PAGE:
A quick story about Nathan: after the initial filming we were doing ADR sessions (where dialogue is rerecorded), and in the middle of it, he was sitting with a television in front of him, watching his performance, and he suddenly paused us. He took out his iPhone and took a picture of the screen. His old, dear friend Ryan Reynolds from “Two Guys, a Girl and a Pizza Place,” had sent him a text message, “We’ve stolen your makeup girl, and I’m going to keep her.” Nathan sent his picture of the television screen and microphone, with the message, “We’ve stolen your Green Lantern, and I’m going to keep him.”
Andrea, you’ve been a voice director on so many projects, can you guide us through the casting and directing process?
Romano: We always try to find new people. We try to find people we love, and we bring them in all the time. There’s always room for excellence in this field, and when we find an excellent actor, whether it’s someone we know, or someone new, it’s a find for us to find a new actor. If we’re not sure what they can do, we listen to their demo tape, or I’ll even send them copy and have them do an audition over the phone.
Bruce, when are we gonna see the first full feature of “The Flaming C?” (Referring to the occasional animated shorts Timm has done for Conan O’Brien.)
Timm: Only time will tell.
Was there anything that was left out (of “Emerald Knights”) or got cut?
Burnett: It was all in there. Geoff, were there six other stories you wanted to pack in there?
Johns: They’ll be in the sequel.
Wade, what first attracted you to doing voice work?
Williams: Andrea Romano. I was doing “Prison Break” and got a call from Andrea to do two episodes of the series “Avatar,” and she said she liked me and said she would find something else for me — and she has! I’m very grateful to Warner Bros. and to her. I’ve just fallen in love with doing it.
To the writers: what do you feel like when you see your work transferred into animation?
Johns: Very lucky. You get to work with the best in animation and I feel very fortunate to work with Bruce and the rest of the staff.
Was this a teaser for the “Green Lantern” animated series? Are you pulling anything from this for that series? Any concepts or ideas?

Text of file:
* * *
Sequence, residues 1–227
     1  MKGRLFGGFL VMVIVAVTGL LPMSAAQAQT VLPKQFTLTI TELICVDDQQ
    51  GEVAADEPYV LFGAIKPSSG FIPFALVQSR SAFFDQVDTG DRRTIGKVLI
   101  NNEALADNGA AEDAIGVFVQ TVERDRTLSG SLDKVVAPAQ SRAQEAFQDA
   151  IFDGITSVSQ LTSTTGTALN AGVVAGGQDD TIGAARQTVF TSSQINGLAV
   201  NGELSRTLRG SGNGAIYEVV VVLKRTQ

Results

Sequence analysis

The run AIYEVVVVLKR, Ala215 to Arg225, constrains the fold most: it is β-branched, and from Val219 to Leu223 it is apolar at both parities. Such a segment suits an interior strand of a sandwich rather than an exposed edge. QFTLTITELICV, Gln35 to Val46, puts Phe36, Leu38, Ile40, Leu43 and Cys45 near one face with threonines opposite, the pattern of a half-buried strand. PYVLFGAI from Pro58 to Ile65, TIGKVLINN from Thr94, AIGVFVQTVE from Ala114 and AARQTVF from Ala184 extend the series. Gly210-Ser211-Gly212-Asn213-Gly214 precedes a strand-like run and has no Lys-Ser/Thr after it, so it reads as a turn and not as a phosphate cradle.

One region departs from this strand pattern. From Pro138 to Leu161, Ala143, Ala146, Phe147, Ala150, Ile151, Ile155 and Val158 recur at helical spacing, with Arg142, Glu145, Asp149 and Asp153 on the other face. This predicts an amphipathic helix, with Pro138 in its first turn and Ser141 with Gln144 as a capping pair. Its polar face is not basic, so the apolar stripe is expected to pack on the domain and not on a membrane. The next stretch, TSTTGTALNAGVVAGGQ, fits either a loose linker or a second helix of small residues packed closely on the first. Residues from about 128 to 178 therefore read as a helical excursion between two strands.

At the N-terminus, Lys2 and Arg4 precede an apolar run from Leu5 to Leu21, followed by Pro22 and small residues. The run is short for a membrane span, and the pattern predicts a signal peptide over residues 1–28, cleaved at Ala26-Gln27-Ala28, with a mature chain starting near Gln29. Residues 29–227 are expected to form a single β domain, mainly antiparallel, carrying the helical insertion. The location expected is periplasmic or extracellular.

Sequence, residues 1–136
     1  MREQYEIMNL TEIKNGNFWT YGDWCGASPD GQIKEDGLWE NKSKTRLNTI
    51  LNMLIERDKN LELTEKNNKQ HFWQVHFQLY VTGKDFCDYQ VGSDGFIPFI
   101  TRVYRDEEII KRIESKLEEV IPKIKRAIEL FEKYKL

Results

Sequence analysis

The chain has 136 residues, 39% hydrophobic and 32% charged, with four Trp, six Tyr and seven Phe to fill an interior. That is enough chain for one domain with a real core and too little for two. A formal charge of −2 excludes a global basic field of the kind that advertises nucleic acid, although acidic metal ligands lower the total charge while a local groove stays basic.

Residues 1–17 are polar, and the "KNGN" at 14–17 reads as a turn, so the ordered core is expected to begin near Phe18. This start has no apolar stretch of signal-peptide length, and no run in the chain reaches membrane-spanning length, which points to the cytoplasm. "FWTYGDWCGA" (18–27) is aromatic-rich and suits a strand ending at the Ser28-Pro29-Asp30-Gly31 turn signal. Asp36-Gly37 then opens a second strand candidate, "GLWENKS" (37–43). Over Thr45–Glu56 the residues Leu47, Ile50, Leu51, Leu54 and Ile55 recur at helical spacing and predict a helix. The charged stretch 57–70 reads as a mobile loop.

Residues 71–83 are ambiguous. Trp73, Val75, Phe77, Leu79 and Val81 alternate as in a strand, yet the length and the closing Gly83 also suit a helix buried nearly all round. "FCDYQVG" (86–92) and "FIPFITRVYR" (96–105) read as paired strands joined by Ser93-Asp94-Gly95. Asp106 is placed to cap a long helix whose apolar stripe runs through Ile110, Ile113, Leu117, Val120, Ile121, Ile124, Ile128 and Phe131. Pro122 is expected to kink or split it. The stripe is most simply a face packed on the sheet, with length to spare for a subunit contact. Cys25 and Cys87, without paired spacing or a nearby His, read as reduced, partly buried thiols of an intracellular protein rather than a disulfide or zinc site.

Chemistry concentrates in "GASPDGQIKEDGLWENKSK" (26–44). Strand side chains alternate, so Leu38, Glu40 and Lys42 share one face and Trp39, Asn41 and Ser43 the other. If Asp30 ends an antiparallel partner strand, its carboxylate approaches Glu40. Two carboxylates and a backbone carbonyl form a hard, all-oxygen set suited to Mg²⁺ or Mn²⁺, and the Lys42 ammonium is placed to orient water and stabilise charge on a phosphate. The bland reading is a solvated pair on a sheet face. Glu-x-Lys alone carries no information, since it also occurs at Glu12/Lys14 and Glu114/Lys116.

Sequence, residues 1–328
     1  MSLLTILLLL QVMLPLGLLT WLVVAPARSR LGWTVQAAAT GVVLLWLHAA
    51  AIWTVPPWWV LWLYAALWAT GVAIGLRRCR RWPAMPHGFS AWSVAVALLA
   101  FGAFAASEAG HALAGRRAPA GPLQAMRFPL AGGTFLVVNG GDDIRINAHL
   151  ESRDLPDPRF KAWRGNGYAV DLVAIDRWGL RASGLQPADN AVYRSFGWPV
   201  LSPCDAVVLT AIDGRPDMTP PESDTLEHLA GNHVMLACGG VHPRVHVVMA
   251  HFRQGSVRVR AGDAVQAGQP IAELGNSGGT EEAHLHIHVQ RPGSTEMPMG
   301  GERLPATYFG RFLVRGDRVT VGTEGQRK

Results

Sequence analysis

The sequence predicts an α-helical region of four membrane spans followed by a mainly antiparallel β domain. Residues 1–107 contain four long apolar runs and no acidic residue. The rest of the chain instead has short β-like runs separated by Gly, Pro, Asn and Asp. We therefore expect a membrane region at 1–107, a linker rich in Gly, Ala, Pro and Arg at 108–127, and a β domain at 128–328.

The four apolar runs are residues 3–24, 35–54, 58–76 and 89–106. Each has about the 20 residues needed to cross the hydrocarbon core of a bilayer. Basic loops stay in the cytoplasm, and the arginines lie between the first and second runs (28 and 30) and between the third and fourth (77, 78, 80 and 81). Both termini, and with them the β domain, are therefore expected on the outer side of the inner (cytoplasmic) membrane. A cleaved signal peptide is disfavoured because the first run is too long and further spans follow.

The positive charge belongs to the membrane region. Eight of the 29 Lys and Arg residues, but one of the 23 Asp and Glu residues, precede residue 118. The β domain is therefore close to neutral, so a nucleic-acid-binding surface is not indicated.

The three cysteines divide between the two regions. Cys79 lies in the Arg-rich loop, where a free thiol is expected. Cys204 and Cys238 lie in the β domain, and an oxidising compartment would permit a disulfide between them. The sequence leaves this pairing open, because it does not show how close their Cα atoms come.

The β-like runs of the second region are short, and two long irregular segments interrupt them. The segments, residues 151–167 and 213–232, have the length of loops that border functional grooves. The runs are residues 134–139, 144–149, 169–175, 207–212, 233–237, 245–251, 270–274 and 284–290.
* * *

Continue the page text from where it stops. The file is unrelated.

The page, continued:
Timm: No, no, no. (That series) is not connected to this or to “First Flight.” None of them are connected with direct links. The series will have new concepts that are unique to it, though Hal’s personality is pretty consistent, from this and “First Flight.”
I know you sometimes give yourselves acting cameos. Did you give yourselves roles in this?
Romano: I’m the voice of the ring. “Power levels at 1.7 percent”
Timm plays Galius Zed, who mainly gets beaten up, so his role mainly consists of saying “oof!”
What character from the comics that hasn’t been animated yet would you like to see?
Berganza: I’d like to see Firestorm.
Timm: Ma Hunkle
Romano: I haven’t a clue
Geoff and Eddie, most of the stories in “Emerald Knights” were based on original comic stories. What was the biggest challenge in translating the stories from the written to animated form?
Johns: In some ways, they had to be expanded. If you just put the dialogue down, it’s going to be two minutes long, so you need to get more into the characters and more action
Berganza: You have to make it more accessible to a general audience. And for my segment, I had to study up on Japanese weaponry.
Bruce, I grew up watching the animated series, you do animation so well, would you consider doing live action?
Timm: I’m pretty happy doing animation, but if someone offered me a live action project and I thought it was a character I could do something with, I’d consider it. In TV, you take so many notes from so many people, but with animation, I take some notes from DC and some from Cartoon Network, but for the most part, I’m left alone to do what I want.